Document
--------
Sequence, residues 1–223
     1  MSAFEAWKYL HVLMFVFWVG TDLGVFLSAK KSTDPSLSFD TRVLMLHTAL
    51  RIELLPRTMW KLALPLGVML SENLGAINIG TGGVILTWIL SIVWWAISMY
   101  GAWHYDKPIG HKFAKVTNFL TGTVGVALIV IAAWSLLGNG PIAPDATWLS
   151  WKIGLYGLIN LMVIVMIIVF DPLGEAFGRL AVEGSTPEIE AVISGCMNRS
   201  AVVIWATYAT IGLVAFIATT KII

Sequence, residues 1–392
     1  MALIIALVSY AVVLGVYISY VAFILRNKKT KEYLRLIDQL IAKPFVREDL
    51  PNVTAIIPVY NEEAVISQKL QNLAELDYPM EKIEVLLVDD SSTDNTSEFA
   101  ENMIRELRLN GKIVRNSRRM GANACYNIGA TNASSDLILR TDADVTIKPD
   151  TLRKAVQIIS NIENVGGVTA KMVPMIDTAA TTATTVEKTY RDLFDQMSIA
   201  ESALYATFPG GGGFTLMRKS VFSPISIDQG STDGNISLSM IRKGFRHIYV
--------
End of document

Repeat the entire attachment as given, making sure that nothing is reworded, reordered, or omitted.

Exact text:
Sequence, residues 1–223
     1  MSAFEAWKYL HVLMFVFWVG TDLGVFLSAK KSTDPSLSFD TRVLMLHTAL
    51  RIELLPRTMW KLALPLGVML SENLGAINIG TGGVILTWIL SIVWWAISMY
   101  GAWHYDKPIG HKFAKVTNFL TGTVGVALIV IAAWSLLGNG PIAPDATWLS
   151  WKIGLYGLIN LMVIVMIIVF DPLGEAFGRL AVEGSTPEIE AVISGCMNRS
   201  AVVIWATYAT IGLVAFIATT KII

Sequence, residues 1–392
     1  MALIIALVSY AVVLGVYISY VAFILRNKKT KEYLRLIDQL IAKPFVREDL
    51  PNVTAIIPVY NEEAVISQKL QNLAELDYPM EKIEVLLVDD SSTDNTSEFA
   101  ENMIRELRLN GKIVRNSRRM GANACYNIGA TNASSDLILR TDADVTIKPD
   151  TLRKAVQIIS NIENVGGVTA KMVPMIDTAA TTATTVEKTY RDLFDQMSIA
   201  ESALYATFPG GGGFTLMRKS VFSPISIDQG STDGNISLSM IRKGFRHIYV